Date: 2009-05-04 04:16 pm (UTC)
From: [identity profile] cissie_king.insanejournal.com
Don't know if he regrets it, but in an interview I read a year or two ago he mentioned he was no longer so into the whole thing. He started eating meat again quite a few years ago and all that.

Date: 2009-05-05 01:24 am (UTC)
From: [identity profile] jlroberson.insanejournal.com
This would explain why he's still alive and looking a bit more healthy than he used to. I wonder if this had anything to do with that terrible illness he had around the turn of the century.

No, I'm not slagging vegetarians--it makes no difference to me what people eat, though I really do question full-on veganism--but it's always seemed to me that(judging by friends, many of whom, including my ex-wife, are vegetarians), unless one works at it much harder than most want to or have the time to, over time it's somewhat insufficient and causes cumulative damage to health. Partly because it's so hard to get enough protein and complex carbohydrates that way. Like I said, it's possible, but those I've seen pull it off seem to have to make it almost a full-time job--I could never put that much planning into my food.

Date: 2009-05-05 01:35 am (UTC)
From: [identity profile] psychop_rex.insanejournal.com
I question full-on veganism for the simple reason that most vegans are so damn full of themselves. I mean, no offense to any vegans who may be reading this at the moment - I'm sure you're fine - but I went to a college that had a LOT of vegans, and while some of them - a number of them, actually, to be fair - were perfectly nice, normal people, the ones who were serious about it were SERIOUS about it. I got nagged about my eating habits on several different occasions, and actually had one guy try to convert me to veganism through persuasive argument over the course of something like TWO WEEKS. Every time I sat down to eat lunch in the cafeteria, this guy would come over and start preaching at me. It's like the liberal arts version of Jehovah's Witnesses.
Oh - and their pies suck.

Date: 2009-05-04 02:57 pm (UTC)
From: [identity profile] bluejaybirdie.insanejournal.com
So, what would you do if you found out your life was a comic, scansdaily?

To be honest...the first thing I would do would be to jump off a building to see if I could fly. I mean, death in comics isn't permanent and physics don't apply! And then, like the previous commentor, I would wonder why I, in all defiance of comicbook traditon, remain curveless. Following that, I'd let my writer just have it for all the crap he's put me through and demand he fix my body and my mom's brain. Angsting done, I would make myself a badass superhero costume and go around being a fourth wall-breaking, ass-kicking vigilante.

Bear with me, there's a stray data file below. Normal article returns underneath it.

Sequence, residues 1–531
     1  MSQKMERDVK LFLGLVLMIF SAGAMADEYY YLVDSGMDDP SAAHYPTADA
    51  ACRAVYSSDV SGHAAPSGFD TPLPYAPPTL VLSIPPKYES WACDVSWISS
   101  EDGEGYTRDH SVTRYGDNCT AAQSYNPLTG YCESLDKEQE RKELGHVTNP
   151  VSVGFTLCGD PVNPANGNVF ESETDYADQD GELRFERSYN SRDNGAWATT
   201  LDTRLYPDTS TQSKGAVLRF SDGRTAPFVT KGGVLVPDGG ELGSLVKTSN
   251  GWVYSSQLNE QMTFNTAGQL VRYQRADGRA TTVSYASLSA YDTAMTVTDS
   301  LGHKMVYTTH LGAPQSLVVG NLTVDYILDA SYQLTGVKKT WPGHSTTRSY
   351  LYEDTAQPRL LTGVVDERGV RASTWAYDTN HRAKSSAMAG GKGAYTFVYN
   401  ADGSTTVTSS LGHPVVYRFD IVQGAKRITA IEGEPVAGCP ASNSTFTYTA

I have put wayyy too much thought into this...

That scene with the CSA is AWESOME.

Date: 2009-05-04 03:36 pm (UTC)
From: [identity profile] bluejaybirdie.insanejournal.com
Heh. I actually just had a journal entry about my "superhero identity" (I'm a creative kid with way too much time on her hands). Just skip the angst 'till you hit the costume design, if you're interested :)

http://bluejaybirdie.livejournal.com/13337.html

Date: 2009-05-04 04:36 pm (UTC)
From: [identity profile] kagome654.insanejournal.com
Not bad (pretty cool, actually). Though detachable or not, you'd still lose points with Edna Mole for the cape.

Date: 2009-05-04 05:33 pm (UTC)
From: [identity profile] bluejaybirdie.insanejournal.com
I figured the benefits outweighed the potential danger. Warm, waterproof, fire-and-chemical resistant, camoflague in shadows, and making a small girl appear slightly larger vs. JET ENGINES (or revolving doors). Took the risk :)

Date: 2009-05-04 06:02 pm (UTC)
From: [identity profile] kagome654.insanejournal.com
A bold choice. I like it.

Date: 2009-05-04 09:52 pm (UTC)
From: [identity profile] lieut_kettch.insanejournal.com
Kudos to you for making the cape detachable. If it ever did get sucked into a jet engine or a baddie got a hold of it, you'd be free in a jiffy.

Date: 2009-05-04 05:50 pm (UTC)
From: [identity profile] aaron_bourque.insanejournal.com
Edna Mode can suck it. Capes rule.

Date: 2009-05-04 06:00 pm (UTC)
From: [identity profile] kagome654.insanejournal.com
Why the heck did I write it as Edna Mole?

Actually, I tend to agree, or at least most of the superhero costumes I love have capes. It generally is worth the risk.

Date: 2009-05-04 10:17 pm (UTC)

Date: 2009-05-05 01:36 am (UTC)
From: [identity profile] bariman1987.insanejournal.com
I just noticed the number for that entry. 13337, or LEEET. Yes there's an extre 3/E, but that post is elite.

I can't tell whether it's awesome or really sad that I noticed that.

Date: 2009-05-05 01:47 am (UTC)
From: [identity profile] psychop_rex.insanejournal.com
Cool costume - I like. You do realize, though, that kevlar weave, in the real world, is REALLY dense, heavy stuff? Your cape alone would weigh about forty pounds.